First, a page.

The Open Scholarship Initiative
Working together in partnership with UNESCO to create the global future of open

Issue briefs


Big picture

OSI issue briefs represent perspectives and lessons of experience from all stakeholder groups in scholarly communication, not just single stakeholder viewpoints.


Too often, debates in scholarly communication revolve around what advocates in the global north and west want. OSI manages a global dialogue.


OSI issue briefs identify where progress can be made and what actors need to be involved. Some also take the form of policy briefs which are supported by UNESCO.

Recent Briefs


Issue briefs under consideration (or development)

  1. The future of Beall’s list & blacklists
  2. Author attitudes toward CC-BY
  3. What do we really know about embargos?
  4. How fast is open growing?
  5. Can we measure the economic impact of open?
  6. How much profit do commercial publishers really make (and why do we care)?
  7. Disaggregating publisher services
  8. Workable models of peer review
  9. The moral case for open
  10. The OA2020 global flip pros/cons
  11. Cash incentives in scholarly publishing
  12. The open access citation advantage—fact or fiction?
  13. The impact factor scourge
  14. Information underload in the developing world
  15. SciHub
  16. Open IP
  17. The central role of scholarly societies
  18. P&T reform and why this is a necessary for the future of publishing
  19. Working together on common infrastructure solutions
  20. Including HSS in the reform conversation
  21. What is publishing anyway?
  22. Journal article retraction facts and figures (how much of this is driven by reproducibility, fraud, or a few bad actors, how is this changing over time, what is being done to address this, etc.)
  23. Can OA publishing hurt your career?
  24. Can society afford open access (the pros and cons of open policies unfolding in the EU)?
  25. Who decides what is open?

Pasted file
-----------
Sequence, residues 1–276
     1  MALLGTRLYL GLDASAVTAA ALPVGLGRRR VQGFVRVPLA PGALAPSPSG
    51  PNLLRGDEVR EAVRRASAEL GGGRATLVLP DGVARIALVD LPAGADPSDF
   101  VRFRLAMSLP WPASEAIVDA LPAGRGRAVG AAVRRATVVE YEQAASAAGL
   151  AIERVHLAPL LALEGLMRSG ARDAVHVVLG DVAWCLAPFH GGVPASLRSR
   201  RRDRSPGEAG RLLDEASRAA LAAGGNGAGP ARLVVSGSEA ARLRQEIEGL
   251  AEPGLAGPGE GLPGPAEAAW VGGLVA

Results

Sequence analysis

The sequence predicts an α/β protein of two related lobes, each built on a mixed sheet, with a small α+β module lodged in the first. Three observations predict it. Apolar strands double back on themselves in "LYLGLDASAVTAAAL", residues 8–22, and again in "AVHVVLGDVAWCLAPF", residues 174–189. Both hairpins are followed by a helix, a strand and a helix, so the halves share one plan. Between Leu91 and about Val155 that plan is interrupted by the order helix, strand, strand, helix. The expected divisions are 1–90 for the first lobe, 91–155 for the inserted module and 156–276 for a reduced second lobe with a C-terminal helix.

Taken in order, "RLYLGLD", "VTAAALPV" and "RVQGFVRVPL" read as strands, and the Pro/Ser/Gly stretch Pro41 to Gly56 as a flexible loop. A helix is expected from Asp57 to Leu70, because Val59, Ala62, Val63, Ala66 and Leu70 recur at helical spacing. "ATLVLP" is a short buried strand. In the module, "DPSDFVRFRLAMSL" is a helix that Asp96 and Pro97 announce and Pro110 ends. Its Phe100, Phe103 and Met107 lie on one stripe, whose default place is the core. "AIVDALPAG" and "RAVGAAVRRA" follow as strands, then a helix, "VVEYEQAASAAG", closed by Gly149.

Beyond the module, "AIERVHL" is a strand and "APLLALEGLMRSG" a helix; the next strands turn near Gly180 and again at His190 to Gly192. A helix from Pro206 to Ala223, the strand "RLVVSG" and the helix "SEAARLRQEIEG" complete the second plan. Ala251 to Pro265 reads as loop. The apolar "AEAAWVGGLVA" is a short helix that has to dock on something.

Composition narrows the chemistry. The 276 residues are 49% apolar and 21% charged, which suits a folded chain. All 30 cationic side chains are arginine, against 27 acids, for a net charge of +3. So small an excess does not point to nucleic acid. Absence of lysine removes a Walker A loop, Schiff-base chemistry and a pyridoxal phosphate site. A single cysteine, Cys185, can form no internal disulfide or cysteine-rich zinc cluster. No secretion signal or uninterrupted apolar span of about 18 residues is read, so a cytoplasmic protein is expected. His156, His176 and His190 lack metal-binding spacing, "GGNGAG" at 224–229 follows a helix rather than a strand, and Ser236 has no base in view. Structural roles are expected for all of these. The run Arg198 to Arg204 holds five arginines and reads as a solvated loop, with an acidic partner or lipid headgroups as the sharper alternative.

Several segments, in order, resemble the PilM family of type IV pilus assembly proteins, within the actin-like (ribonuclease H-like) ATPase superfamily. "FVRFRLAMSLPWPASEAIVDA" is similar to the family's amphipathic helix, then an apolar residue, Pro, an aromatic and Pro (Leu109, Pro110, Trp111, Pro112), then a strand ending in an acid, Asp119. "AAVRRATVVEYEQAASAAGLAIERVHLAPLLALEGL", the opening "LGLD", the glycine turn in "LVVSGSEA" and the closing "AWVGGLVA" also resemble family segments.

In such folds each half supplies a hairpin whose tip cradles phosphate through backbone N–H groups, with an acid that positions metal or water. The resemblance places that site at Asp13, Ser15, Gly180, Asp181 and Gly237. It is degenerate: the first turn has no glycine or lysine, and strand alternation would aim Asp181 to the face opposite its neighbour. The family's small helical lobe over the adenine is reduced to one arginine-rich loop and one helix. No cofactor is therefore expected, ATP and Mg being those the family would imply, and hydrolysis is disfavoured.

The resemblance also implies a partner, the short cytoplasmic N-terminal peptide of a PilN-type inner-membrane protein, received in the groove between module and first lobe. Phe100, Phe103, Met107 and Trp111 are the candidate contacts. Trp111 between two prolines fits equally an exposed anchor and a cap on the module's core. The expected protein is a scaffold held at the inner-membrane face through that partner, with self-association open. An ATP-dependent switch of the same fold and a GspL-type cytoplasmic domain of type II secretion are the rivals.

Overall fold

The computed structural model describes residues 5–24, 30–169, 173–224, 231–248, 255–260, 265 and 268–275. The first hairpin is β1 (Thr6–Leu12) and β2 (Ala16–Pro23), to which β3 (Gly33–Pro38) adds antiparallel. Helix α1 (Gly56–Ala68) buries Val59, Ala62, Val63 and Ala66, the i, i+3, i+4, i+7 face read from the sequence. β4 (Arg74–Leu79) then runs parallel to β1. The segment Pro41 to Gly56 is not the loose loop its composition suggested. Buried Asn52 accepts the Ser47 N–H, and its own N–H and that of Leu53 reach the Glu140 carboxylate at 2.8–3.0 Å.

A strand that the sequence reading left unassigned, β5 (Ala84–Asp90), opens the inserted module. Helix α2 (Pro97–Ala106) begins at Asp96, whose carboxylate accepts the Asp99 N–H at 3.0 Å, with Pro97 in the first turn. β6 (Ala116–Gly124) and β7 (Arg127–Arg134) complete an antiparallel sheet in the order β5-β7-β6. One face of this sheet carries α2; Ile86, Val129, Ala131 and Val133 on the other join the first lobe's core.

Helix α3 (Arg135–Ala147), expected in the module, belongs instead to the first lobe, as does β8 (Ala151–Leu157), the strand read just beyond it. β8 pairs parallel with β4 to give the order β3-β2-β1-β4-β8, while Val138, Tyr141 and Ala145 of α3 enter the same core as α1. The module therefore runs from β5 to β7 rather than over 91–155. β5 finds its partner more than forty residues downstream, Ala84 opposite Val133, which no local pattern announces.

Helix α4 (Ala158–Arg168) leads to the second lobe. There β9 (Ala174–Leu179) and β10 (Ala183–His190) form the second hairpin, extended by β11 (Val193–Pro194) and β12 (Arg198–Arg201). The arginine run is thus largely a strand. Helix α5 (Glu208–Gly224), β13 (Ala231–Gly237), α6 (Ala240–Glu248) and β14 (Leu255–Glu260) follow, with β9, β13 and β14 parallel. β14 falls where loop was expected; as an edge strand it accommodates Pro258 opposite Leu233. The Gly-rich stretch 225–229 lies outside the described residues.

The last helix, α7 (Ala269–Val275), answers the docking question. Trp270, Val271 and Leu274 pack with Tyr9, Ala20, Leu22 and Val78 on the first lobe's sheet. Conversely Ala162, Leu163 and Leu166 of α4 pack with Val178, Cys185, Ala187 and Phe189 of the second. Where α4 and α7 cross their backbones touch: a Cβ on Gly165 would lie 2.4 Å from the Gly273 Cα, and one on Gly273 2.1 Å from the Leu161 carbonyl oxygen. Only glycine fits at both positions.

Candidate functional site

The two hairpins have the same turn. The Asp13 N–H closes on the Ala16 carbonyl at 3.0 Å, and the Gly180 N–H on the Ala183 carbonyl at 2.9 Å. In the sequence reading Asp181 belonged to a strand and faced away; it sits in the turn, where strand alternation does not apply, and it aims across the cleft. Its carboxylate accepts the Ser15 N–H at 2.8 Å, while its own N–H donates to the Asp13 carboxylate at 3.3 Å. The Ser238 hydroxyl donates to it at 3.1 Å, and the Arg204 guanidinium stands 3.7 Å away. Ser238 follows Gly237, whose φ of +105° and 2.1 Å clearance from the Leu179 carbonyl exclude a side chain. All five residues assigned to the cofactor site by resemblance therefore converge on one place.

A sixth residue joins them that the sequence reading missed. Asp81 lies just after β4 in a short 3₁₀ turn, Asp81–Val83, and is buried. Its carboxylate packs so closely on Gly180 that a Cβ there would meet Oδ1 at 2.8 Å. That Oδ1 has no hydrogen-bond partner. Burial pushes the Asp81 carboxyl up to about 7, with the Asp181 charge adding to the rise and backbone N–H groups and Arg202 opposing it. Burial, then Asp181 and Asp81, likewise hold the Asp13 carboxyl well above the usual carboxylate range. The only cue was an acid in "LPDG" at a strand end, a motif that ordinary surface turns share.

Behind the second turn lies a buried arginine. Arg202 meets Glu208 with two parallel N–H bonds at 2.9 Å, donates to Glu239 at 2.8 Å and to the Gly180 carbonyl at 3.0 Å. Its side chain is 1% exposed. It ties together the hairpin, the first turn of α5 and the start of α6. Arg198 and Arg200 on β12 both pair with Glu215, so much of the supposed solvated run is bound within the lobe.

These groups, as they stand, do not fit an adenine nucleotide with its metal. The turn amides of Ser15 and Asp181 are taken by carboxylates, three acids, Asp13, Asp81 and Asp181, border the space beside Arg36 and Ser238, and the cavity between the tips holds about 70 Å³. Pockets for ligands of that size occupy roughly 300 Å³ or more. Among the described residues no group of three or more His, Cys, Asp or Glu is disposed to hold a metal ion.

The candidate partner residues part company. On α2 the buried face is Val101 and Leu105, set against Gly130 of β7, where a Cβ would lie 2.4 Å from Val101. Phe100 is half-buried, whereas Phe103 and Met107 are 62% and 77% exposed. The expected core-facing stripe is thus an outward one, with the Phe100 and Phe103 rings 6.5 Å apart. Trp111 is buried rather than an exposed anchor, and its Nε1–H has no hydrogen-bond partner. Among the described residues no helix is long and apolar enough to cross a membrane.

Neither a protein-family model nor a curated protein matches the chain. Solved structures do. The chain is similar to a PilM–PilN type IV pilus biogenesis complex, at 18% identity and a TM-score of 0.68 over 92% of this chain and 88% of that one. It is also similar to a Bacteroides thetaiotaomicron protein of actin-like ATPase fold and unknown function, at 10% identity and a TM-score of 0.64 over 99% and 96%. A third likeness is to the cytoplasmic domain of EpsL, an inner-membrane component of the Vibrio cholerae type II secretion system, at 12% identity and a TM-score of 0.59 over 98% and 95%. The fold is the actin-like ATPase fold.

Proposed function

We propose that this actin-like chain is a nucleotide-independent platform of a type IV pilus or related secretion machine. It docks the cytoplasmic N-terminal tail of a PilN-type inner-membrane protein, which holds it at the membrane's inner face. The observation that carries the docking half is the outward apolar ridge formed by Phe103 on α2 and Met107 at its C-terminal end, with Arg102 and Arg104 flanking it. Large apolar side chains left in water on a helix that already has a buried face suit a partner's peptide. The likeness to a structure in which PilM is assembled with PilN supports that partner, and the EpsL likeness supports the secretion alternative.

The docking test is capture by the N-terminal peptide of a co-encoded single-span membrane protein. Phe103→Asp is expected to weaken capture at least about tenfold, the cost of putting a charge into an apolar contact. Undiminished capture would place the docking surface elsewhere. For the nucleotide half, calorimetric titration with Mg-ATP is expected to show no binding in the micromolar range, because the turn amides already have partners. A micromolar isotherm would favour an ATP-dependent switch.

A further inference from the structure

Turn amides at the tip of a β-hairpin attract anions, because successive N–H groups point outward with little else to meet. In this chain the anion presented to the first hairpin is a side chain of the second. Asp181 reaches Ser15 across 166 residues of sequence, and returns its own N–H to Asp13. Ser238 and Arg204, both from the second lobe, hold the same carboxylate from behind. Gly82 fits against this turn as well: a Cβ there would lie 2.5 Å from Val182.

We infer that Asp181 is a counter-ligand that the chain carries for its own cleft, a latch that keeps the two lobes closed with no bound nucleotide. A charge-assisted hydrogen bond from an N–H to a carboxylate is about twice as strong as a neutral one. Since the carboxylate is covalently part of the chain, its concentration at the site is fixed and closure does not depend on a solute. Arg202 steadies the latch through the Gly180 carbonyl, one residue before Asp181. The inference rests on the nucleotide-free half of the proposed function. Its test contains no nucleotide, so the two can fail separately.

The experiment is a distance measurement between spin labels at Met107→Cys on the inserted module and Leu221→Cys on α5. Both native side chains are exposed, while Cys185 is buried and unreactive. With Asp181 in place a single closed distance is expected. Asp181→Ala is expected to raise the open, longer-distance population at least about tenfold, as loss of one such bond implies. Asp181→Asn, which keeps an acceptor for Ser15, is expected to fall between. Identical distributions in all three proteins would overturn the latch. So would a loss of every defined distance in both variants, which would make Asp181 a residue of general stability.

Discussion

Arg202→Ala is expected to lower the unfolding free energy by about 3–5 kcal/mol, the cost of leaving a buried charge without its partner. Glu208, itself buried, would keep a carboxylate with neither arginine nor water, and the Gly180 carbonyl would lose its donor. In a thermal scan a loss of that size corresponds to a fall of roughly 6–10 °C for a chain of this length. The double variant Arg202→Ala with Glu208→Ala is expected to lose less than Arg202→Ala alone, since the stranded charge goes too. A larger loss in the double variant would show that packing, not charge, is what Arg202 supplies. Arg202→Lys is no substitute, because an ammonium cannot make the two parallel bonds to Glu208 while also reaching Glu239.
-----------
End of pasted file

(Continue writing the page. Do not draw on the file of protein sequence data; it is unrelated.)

26. Evolving open solutions
  27. Readability in journals—is this an issue (does it really help anyone to make a lot more unreadable articles open)?
  28. Why researchers use ResearchGate (and should they?)
  29. How much research spending is allocated to publishing anyway?
  30. Can scientists help combat the spread of fake science news?
  31. Why academics might find “new wave” journals appealing
  32. The US Federal Trade Commission’s ruling against OMICS
  33. Does junk publishing pose a threat to science?
  34. The structure of publishing (for-profit, nonprofit, etc.)
  35. global journal editing standards
  36. global peer review standards
  37. Has the time come for journal accreditation standards?
  38. Are open protocols doable?
  39. Is an iTunes model workable?
  40. Issues at the intersection of open access and open data
  41. The open matrix—taking the spectrum into more dimensions
  42. A scholcomm definitions/glossary
  43. A scholcomm how-to resource list: How to start an IR, how to publish in OA, etc.
  44. Comparing regional issues and perspectives in OA (what’s most important in Africa, Latin America, Europe, China, etc.)
  45. The culture of communication in academia: Overview
  46. How to recognize predatory publishers & publishing
  47. Misc stats/facts (how many journals, what percent open, etc.)
  48. Journal methodology myths and facts (Is methodology important in evaluating research papers? Do some journals do a better job of evaluating the methodological aspects of submitted papers than others? Do some journals think “novelty” is more important than “rigor”? Is journal prestige a real thing? Are some journals better than others? Is a journal’s impact factor a good proxy for the rigor of its evaluation process?)
  49. What are the open policies of different funding institutions, by funder, stakeholder group, institution, discipline, size, etc.